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Sanibel district promotes safety for Fire Prevention Week

By SFD - | Sep 24, 2021

The Sanibel Fire and Rescue District is working with the National Fire Protection Association to promote this year’s Fire Prevention Week campaign, which runs from Oct. 3 through Oct. 9.

Themed “Learn the Sounds of Fire Safety!” for this year, the campaign helps to educate the public about the different sounds that smoke and carbon monoxide alarms make.

“Sanibel Island is home to many visitors and seasonal residents,” Fire Marshal Larry Williams said. “As we come into season, we want our year-round and seasonal residents to take a minute and check their carbon monoxide and smoke alarms.”

“We never expect the worst but planning for the worst could help save your life,” he added.

The fire district reported that most consumers are unaware that smoke and carbon monoxide alarms have a life span. It is recommended to change a smoke alarm every 10 years, and a carbon monoxide alarm should be replaced every five to seven years. Prior to replacement, alarms may make various sounds and knowing the difference in the sounds could save you, your home and your family.

The NFPA shared the following safety tips for the public:

– A continuous set of three loud beeps — beep, beep, beep — means smoke or fire. You should evacuate the structure and call 911. Remain outside until advised otherwise.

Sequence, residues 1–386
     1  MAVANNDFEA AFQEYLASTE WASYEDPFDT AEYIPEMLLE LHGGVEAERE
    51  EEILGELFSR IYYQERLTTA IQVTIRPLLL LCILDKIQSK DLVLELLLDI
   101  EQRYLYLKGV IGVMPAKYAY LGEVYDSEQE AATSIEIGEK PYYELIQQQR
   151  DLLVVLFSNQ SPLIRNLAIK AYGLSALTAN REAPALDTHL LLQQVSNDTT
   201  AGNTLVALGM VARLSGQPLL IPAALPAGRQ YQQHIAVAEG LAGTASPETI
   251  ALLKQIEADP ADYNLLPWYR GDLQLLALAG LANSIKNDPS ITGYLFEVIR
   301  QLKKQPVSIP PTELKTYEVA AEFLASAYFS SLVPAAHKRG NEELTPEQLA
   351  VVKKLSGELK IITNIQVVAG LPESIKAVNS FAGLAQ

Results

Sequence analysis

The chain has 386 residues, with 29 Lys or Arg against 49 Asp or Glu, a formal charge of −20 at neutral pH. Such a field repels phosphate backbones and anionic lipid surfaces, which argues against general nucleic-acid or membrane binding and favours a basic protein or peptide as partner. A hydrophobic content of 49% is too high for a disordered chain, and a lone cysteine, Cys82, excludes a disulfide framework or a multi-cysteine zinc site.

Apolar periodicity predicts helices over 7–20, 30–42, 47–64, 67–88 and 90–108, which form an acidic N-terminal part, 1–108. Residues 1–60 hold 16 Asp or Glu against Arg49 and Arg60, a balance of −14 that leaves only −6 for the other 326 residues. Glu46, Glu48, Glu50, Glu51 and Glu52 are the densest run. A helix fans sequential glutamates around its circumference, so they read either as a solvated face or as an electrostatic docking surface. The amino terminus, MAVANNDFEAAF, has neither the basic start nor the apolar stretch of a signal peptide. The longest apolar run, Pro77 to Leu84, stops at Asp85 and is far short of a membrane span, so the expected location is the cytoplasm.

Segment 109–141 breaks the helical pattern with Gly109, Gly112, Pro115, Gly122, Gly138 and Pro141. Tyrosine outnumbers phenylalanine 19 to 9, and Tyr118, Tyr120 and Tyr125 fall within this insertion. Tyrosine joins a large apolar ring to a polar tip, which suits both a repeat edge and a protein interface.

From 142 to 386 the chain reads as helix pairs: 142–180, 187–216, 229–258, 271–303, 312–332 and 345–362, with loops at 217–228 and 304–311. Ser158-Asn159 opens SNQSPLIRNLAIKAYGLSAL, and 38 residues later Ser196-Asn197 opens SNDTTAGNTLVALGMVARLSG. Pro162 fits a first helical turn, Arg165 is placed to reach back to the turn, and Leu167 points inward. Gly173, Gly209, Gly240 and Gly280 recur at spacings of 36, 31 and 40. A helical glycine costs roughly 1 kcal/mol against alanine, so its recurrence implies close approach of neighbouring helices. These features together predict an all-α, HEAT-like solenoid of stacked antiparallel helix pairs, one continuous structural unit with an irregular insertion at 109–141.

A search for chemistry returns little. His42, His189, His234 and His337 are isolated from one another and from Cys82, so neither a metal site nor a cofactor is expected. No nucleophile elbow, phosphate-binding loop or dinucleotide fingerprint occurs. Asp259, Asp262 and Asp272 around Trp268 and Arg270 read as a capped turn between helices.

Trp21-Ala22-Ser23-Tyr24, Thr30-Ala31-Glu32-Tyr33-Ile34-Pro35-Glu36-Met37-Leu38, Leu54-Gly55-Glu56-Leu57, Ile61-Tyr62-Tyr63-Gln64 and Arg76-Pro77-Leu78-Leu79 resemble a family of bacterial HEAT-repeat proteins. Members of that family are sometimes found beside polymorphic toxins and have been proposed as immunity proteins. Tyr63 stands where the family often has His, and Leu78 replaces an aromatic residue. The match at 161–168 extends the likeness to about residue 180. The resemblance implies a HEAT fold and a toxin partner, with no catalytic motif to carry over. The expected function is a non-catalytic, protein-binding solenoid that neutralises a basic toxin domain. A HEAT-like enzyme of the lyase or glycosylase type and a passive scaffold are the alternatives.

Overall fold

– A single chirp every 30 or 60 seconds means the battery is low and must be changed.

– Chirping that continues after the battery has been replaced means the alarm is at the end of its life and the unit must be replaced.

For those with hearing impairments who may not be able to hear a conventional smoke alarm, there is the Safe Awake device. It works with an existing smoke alarm and when the smoke alarm sounds, it activates three indicators, including:

– Vibrating bed shaker: This sends an intermittent tactile signal to a bed shaker located between the mattress and bed springs at chest height to ensure sleeping individuals will awake to the emergency.

– Low frequency sounder: The alarm aid emits a low frequency (520 Hz), high decibel, square wave sounding alarm. This allows those who are deaf or have varying levels of hearing loss a greater chance at hearing the alarm.

– Flashing light: Once an individual has awoken to the emergency, they can visually see the bright flashing of the alarm.

For more information about Fire Prevention Week and fire prevention, visit www.fpw.org.